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Tag: Leigh Bowery

That Lady Gaga backlash is so tired already

The Gaga backlash, which recently found itself a leader in Camille Paglia, was inevitable. It’s also misguided, argues Mark Simpson

(Out Magazine, Sept 24 2010)

My bitch is better than your bitch! And she wore that dress before yours did! My bitch would kick your bitch’s ass!

This is the kind of thing the older generation — my generation — has begun to say ever more loudly about the younger generation’s first bona fide superstar, Lady Gaga. David Bowie, Freddie Mercury, Elton John, Grace Jones, and—crossing ourselves and throwing salt over our shoulders—Madonna all did it years before Gaga, and so much better.

The world’s most famous gay Madonna fan, Camille Paglia, was recently given four pages in the U.K.’s The Sunday Times Magazine to say this, “demolishing” Lady Gaga, aka Stefani Germanotta, as an “asexual, confected copycat who has seduced the Internet generation.” Paglia is a worthy critic indeed, and her mocking epithet “the diva of déjà vu” is bound to stick like chewing gum rubbed in a hated schoolgirl’s hair. But after reading her impassioned assault — which, for all its fascinating history of female Hollywood stars, seemed to boil down to “she’s not Madonna, and I don’t fancy holding her meat purse” — I found myself liking Lady Gaga more rather than less.

Paglia’s essay was further proof of Gaga’s importance. As I like to say to gay friends of a certain age who rail almost daily against Gaga on Facebook, for someone so shallow, so talentless, and so derivative she certainly seems to hold your attention. The passionate hatred Gaga provokes is all part of her remarkable potency. When was the last time pop music mattered? When was the last time you cared? Until Lady Gaga came along, just a couple years ago, pop seemed thoroughly pooped. Some nice tunes and haircuts here and there and some really excellent financial institution ad soundtracks, but really, who thought pop could ever trouble us again as a total art form?

Gaga has single-handedly resurrected pop. Or at least she’s made it seem like it’s alive. Maybe it’s a kind of galvanic motion — those pop promos sometimes look like Helmut Newton zombie flicks — but boy, this is shocking fun. And yes, her persona is something of a pint-size Bride of Frankenstein, assembled out of Photoshopped dead star body parts. But isn’t everyone nowadays?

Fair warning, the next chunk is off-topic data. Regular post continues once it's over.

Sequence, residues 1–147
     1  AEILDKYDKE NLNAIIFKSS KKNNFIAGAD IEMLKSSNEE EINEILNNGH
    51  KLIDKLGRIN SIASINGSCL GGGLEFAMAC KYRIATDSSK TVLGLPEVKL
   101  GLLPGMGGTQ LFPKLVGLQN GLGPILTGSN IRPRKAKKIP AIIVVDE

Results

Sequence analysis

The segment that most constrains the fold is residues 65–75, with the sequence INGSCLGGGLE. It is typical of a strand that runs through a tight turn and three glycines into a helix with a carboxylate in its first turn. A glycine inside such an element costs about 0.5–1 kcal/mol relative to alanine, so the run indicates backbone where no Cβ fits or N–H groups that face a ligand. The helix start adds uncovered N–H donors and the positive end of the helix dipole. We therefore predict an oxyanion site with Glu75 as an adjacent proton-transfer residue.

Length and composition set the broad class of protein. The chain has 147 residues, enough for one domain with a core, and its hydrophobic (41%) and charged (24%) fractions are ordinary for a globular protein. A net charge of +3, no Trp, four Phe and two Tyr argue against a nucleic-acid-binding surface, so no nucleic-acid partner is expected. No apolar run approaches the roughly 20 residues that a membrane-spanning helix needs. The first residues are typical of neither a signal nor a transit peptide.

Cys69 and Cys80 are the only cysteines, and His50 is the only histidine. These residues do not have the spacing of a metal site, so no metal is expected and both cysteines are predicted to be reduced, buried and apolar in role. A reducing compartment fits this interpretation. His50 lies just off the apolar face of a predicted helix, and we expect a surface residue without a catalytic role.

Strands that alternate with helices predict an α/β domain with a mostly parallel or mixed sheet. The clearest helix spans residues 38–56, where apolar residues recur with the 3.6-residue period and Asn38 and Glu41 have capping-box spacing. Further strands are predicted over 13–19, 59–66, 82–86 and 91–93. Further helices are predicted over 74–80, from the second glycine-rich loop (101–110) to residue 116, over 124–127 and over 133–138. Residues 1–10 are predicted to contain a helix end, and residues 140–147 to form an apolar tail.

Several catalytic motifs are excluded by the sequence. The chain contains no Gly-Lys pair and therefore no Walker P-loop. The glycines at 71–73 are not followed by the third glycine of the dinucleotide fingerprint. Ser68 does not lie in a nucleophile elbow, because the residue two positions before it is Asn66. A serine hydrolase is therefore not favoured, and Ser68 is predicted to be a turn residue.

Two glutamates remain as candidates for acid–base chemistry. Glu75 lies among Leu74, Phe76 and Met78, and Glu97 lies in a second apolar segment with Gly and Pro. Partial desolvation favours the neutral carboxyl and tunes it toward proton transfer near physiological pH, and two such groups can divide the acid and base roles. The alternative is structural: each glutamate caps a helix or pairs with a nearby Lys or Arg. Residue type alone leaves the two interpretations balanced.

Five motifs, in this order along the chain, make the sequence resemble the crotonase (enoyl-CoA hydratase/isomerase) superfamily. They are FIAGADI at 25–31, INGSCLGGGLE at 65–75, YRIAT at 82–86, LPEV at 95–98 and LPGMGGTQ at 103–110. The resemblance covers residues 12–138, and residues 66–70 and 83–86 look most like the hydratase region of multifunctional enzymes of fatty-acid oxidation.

Of course she’s not David Bowie or Madonna. It’s not 1972 or 1984. Instead, we’re a decade into a new, blank, digital century when creativity is curation. The pop past weighs heavily on our shoulders — but Gaga wears it so lightly and sprightly on her tiny frame it’s inspiring. In the flickering, shape-shifting shape of Lady Gaga, tired old postmodernism never looked so frisky. And it turns out to be really good on the dance floor. The 21st century didn’t really get going, or have a decent soundtrack, until Ms. Germanotta came along with her Gagacious beats.

But the older generation’s resentful backlash against Lady Gaga — how dare the kids think they have a proper star to speak for them! — is well and truly underway. Paglia’s piece was well-timed and has already prompted a host of copycat columns around the world complaining about Gaga the tiresome copycat. It had to happen, of course. She is now so huge as to be completely unrivaled in pop cultural terms — the most famous woman on the planet: too big and tasty a target for the press not to chew up.

That mesmerizing meat dress she wore to the MTV Video Music Awards — where she picked up eight trophies, including Video of the Year for “Bad Romance” — displayed a spooky kind of prescience. The inevitable lip-smacking Gaga backlash seems almost to be a predetermined part of the Gaga plot. And to those who like to tut and roll their eyes over the meat dress and intone “It’s been done before, dear,” please remind me again which year it was that a female artist, let alone the biggest artist in the world, accepted an MTV award, or any music award, dressed as a rib-eye?